PANICd - Paranormal Database PANICd - Paranormal Database

Eisenhower National Historic Site

Eisenhower National Historic Site paranormal

Photo by: Marianne Donley
Location submitted by: sdonley on 08/03/2017
DBA Approved: Y


Larger Map

PANICd#: 1920

Visited by PANICd

Top Paranormal Sites

Eisenhower National Historic Site preserves the home and farm of Dwight D. Eisenhower, the 34th President of the United States, and its surrounding property of 690.5 acres. It is located just outside Gettysburg.

243 Eisenhower Farm Rd
Gettysburg , PA 17325
Phone: (717) 334-1124
Open to the public: Yes

https://www.nps.gov/eise/index.htm

Lat: 39.791880
Lon: -77.262920

Database Summary:

Demographic Rank: 6
History: 1
Stories: 1
Claims: 5
Evidence: 0
Resources: 8
Retrievals: 1993
Vistor Rating: 0.0
Votes: 0

Rate this Location
Rate:
<- Get Location Badge Code
Videos for this location on PANICd Video:
 

History

History information is some background and history about the location. This is meant to be a basic summary. Below the history records you will find sources in which you can click on to find out more information. There may be multiple history records per location.


Dwight D. ("Ike") Eisenhower had a long history with the Gettysburg area. His graduating class from West Point had visited the battlefield in 1915. In 1918, he was assigned to nearby Camp Colt in his first independent command as an army officer, commanding a tank training unit; he and Mamie Eisenhower were newly married.

Throughout his long army career, Dwight Eisenhower and his wife never had a house to call their own, with the couple moving from army post to army post. After he became Columbia University's president in 1948, Mamie requested that they finally have a place to call their own. A married couple that were friends with the Eisenhowers, George and Mary Allen, had recently purchased a small farm around Gettysburg, and recommended the area. In 1950, they found a "run-down farm" on the outskirts of Gettysburg, and purchased the farm and its 189 acres (76 ha) for $40,000 (equal to $425,062 today) from one Allen Redding, who had owned the farm since 1921. Eisenhower stated that he could feel the "forgotten heroisms" that occurred on the grounds as the Battle of Gettysburg.

When purchased, the 189 acres (76 ha) included 600 chickens, 25 cows, and many dilapidated buildings dating back to the 18th and 19th centuries. Renovation of the property was delayed when Eisenhower became supreme commander of the North Atlantic Treaty Organization in 1951. After he had attained the presidency of the United States in 1953, Mamie had him rebuild the old house. Much of the original building had to be torn down, due to its deterioration. The total cost of renovation was $250,000 (equal to $2,388,993 today). This large expense was due partly to Mamie's whims, but also to Eisenhower's employment of union labor; he spent $65,000 (equal to $621,138 today) for union workmen who came each day from Washington, D.C. (75 miles (121 km) away) to work on the farmhouse. On their 1955 wedding anniversary, the Eisenhowers held a party to celebrate completion of the work. The entire staff of the White House were invited, attending in two shifts, so that the White House would not be unstaffed. The staff were forever grateful to the Eisenhowers for including them in the festivities.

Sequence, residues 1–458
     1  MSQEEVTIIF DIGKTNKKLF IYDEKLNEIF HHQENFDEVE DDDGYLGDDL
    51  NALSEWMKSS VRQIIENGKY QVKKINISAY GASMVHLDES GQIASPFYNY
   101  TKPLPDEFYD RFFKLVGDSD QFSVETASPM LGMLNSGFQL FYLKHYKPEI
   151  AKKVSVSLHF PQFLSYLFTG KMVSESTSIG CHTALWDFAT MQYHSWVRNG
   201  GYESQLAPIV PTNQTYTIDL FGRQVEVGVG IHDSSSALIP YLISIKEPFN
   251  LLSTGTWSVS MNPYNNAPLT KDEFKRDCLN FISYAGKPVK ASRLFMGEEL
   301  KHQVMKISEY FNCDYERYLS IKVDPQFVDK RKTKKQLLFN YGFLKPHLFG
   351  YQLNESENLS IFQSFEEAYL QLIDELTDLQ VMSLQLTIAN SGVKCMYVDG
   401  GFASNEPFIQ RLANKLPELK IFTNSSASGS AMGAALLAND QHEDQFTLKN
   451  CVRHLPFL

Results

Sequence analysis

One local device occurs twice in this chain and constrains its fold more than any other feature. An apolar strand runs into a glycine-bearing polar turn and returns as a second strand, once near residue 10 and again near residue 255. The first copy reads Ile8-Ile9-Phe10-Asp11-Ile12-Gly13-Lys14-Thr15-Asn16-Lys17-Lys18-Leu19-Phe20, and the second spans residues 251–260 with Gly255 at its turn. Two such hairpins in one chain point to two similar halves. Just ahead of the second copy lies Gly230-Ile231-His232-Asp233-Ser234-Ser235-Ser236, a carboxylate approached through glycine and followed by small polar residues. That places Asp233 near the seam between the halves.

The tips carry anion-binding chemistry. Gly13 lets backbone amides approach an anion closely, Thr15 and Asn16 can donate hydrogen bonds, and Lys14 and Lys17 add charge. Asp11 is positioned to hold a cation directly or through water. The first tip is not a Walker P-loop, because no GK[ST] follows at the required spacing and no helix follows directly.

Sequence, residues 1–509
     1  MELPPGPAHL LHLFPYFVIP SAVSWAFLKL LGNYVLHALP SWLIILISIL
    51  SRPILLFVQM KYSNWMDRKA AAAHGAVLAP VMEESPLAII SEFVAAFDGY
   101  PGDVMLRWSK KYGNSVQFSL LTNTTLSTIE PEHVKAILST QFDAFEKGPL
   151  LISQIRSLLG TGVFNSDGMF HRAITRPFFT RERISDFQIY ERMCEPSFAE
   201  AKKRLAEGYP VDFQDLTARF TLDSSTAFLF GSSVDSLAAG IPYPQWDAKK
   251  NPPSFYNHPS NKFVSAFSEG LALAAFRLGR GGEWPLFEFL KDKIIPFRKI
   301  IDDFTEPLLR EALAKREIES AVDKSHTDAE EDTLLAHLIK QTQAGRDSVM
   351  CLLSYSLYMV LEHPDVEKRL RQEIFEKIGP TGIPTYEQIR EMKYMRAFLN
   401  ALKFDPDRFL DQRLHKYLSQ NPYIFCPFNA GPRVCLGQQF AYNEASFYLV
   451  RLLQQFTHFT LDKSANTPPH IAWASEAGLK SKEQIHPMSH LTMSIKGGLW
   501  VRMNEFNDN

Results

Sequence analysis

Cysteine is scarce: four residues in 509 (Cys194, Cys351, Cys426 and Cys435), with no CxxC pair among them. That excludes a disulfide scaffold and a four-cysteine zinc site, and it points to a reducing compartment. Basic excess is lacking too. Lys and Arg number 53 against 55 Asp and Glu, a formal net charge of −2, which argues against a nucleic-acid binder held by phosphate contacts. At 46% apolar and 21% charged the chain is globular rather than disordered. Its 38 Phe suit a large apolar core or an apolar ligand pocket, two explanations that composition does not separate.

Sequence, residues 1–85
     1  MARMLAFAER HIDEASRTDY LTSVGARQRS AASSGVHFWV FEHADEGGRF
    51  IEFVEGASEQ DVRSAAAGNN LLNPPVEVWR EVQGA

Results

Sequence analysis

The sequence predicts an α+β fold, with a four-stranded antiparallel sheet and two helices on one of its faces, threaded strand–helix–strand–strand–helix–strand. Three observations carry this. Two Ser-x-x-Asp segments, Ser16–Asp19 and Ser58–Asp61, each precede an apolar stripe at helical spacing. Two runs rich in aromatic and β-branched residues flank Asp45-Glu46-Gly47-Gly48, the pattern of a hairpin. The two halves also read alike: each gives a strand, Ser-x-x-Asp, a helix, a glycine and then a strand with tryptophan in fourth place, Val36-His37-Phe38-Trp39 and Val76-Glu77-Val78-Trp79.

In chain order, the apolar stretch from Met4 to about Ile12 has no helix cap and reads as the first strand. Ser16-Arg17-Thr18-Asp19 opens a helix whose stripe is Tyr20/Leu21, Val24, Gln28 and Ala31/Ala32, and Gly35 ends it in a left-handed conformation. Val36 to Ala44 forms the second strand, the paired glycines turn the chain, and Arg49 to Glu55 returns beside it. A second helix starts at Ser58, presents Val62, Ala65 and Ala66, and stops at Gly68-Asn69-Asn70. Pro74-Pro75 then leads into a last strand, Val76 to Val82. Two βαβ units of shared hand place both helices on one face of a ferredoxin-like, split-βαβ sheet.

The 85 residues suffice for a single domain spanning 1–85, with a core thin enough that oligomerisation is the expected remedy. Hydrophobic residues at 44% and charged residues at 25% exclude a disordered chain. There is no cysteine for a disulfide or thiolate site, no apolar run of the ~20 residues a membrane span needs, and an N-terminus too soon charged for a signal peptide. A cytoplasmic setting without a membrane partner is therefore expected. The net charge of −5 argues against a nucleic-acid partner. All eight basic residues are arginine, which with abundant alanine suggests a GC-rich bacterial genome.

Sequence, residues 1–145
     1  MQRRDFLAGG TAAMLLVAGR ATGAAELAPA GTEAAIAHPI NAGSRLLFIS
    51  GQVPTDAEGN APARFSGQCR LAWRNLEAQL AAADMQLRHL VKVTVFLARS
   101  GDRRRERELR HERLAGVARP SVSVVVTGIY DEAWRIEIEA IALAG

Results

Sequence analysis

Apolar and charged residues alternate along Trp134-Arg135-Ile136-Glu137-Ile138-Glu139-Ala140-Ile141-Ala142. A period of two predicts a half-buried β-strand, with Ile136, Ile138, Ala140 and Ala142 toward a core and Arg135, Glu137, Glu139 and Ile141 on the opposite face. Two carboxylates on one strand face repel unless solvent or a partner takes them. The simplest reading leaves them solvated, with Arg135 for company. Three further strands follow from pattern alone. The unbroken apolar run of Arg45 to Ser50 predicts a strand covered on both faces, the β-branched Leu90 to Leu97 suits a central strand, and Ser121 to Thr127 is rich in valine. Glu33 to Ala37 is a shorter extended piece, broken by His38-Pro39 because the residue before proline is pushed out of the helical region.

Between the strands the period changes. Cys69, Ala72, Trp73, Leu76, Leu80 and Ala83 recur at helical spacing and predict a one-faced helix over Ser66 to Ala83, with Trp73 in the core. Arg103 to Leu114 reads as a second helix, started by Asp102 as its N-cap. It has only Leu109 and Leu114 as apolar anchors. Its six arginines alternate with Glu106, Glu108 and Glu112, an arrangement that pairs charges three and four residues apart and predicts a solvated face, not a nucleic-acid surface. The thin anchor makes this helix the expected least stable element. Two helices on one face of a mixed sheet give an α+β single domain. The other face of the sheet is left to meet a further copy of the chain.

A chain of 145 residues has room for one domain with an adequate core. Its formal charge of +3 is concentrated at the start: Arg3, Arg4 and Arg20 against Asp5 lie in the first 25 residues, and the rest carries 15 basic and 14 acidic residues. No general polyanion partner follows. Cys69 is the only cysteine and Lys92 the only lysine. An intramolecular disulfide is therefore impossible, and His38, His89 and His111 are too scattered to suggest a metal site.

From its completion in 1955 to the end of Eisenhower's second term on January 20, 1961, the President spent 365 days total on the Gettysburg farm. The longest of these stays was 38 days in late 1955, while recovering from a heart attack he had suffered that September. After 1955, the Eisenhowers spent most weekends and summer vacations at the Gettysburg farm. They sometimes went to both the Gettysburg farm and Camp David, prompting one person to call Camp David "an annex to Gettysburg".

The Gettysburg farm provided a few headaches. Democrats chose the amount of time the Eisenhowers spent at the Gettysburg farm as another way to attack him. Paul M. Butler, head of the Democratic National Committee, called him a part-time president due to his many stays in Gettysburg. When his World War II colleague Bernard Montgomery visited the farm, Eisenhower commented to Montgomery (speaking as military commander to military commander) that he would have fired a subordinate that would initiate Pickett's Charge. Many Southerners saw this as disrespect toward Robert E. Lee, and protested. Soviet premier Nikita Khrushchev visited the farm in September 1959, and was "grandfathery" to the Eisenhower grandchildren. David Eisenhower said that Khrushchev was such a nice guy, he (David) could become a Communist if he did not know better, causing much embarrassment to the Eisenhowers.